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Tropical Cyclone Activity Report – Atlantic Ocean / Caribbean Sea / Gulf of Mexico

Tropical Cyclone 16L (Nate) is located about 245 miles south-southeast of the mouth of the Mississippi River

Hurricane 16L (Nate) is strengthening over the central Gulf of Mexico…hurricane and storm surge watches remain active over portions of the U.S. Gulf coast

The storm will make landfall along the northern Gulf Coast tonight…and could be as a low end Category 1 hurricane.

Nate will bring a large area of heavy rain from the Gulf Coast to the Appalachians…and possibly parts of the Northeast.

Here’s a graphic showing the rainfall forecast through Tuesday

Here’s a satellite view, with the looping version…along with what the computer models are showing

Here’s an image that shows where TC 16L is, along with other current information / an image showing the current Watches and Warnings

Here’s a near real time wind profile of TC 16L

TS 16L has maximum sustained winds near 85 mph

According to the NHC:

Tropical Storm 16L Discussion Number 11
NWS National Hurricane Center Miami FL
400 AM CDT Sat Oct 7 2017

An Air Force reconnaissance plane investigated Nate a couple of hours ago and measured peak flight-level winds of 89 kt at 850 mb to the east of the center. No hurricane force winds were reported west of the center. The SFMR winds from that mission yielded an initial intensity of 70 kt. Since the plane left, the satellite presentation has changed little, so the winds remains with the same value in this advisory. Another reconnaissance plane is currently approaching Nate.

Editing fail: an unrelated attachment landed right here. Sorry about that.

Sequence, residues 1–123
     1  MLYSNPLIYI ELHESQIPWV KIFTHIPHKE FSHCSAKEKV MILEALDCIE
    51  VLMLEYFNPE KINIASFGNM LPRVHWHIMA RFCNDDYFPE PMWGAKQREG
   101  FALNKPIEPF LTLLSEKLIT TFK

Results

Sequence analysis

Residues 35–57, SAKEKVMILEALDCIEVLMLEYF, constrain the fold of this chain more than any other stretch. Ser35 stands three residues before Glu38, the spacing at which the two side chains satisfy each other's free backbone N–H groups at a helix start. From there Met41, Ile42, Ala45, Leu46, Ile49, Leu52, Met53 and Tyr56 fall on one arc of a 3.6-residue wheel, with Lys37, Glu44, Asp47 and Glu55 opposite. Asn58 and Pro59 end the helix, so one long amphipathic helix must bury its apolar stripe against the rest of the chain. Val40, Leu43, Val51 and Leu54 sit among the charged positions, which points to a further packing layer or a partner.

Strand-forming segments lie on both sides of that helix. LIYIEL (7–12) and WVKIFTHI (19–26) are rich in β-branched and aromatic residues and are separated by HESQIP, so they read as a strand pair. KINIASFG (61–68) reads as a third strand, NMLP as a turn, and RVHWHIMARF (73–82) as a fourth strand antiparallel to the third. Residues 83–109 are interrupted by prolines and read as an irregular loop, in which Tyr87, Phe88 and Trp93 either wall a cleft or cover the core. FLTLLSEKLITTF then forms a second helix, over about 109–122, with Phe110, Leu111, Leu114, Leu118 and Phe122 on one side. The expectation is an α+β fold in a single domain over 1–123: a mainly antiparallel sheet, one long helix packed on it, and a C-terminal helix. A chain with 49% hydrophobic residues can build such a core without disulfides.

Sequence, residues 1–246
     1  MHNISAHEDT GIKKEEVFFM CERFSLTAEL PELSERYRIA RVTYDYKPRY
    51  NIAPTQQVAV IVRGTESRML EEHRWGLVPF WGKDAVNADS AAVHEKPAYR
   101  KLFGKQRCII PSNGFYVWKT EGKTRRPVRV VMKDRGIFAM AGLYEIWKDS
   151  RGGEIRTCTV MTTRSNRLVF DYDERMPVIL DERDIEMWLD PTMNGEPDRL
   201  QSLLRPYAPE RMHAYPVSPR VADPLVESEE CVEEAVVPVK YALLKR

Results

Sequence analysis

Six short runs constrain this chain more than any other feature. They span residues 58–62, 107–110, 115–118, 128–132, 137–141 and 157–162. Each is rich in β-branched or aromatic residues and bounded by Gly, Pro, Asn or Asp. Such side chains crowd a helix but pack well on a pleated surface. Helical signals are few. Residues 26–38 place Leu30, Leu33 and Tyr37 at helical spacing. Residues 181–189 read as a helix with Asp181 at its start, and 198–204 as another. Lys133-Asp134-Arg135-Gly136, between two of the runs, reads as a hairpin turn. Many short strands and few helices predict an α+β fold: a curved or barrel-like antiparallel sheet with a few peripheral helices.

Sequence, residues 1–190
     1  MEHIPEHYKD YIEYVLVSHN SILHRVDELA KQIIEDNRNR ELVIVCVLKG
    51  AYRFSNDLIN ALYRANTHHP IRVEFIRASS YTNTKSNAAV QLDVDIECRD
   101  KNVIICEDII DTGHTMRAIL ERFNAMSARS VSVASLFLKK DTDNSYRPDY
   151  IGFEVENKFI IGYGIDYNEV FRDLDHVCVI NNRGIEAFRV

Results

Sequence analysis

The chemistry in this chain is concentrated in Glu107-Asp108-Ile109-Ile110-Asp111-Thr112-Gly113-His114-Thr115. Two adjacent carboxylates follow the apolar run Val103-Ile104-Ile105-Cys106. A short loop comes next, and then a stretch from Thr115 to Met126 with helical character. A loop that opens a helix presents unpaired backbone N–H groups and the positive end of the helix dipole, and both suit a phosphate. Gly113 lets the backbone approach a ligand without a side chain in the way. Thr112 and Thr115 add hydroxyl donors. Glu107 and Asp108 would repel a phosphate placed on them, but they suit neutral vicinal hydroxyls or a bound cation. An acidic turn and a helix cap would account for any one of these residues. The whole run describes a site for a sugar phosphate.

The outflow is well established suggesting that the shear is low, while the atmospheric conditions favor some additional strengthening. On this basis, the NHC forecast calls for some slight increase in the winds, however, the SHIPS/LGEM models forecast Nate to be a little bit stronger just before landfall. After landfall, weakening is anticipated and Nate is forecast to dissipate in 96 hours or sooner.

Nate is moving rapidly toward the north-northwest at about 19 kt. The hurricane is being steered by the flow between a large cyclonic gyre over the southwestern Gulf of Mexico and a developing mid-level ridge over the western Atlantic. This pattern should continue to force Nate on a general north-northwest fast track for the next 24 hours. After that time, the hurricane will recurve northeastward with additional increase in forward speed as it encounters the mid-latitude westerlies. The NHC track forecast has not changed much from the previous one and is and is very close the HFIP corrected consensus HCCA. This model has been very skillful this season.


1. Life-threatening storm surge flooding is likely along portions of the northern Gulf Coast, and a storm surge warning is in effect from Morgan City, Louisiana, to the Okaloosa/Walton county line in Florida. Residents in these areas should heed any evacuation instructions given by local officials.

2. A hurricane warning is in effect for portions of the northern Gulf Coast from Louisiana to Alabama, and preparations to protect life and property should be rushed to completion in these areas.

3. Nate will bring heavy rainfall of 3 to 6 inches with isolated totals of 10 inches east of the Mississippi River from the central Gulf Coast into the Deep South, eastern Tennessee Valley, and southern Appalachians through Monday, resulting in the potential for flash flooding in these areas.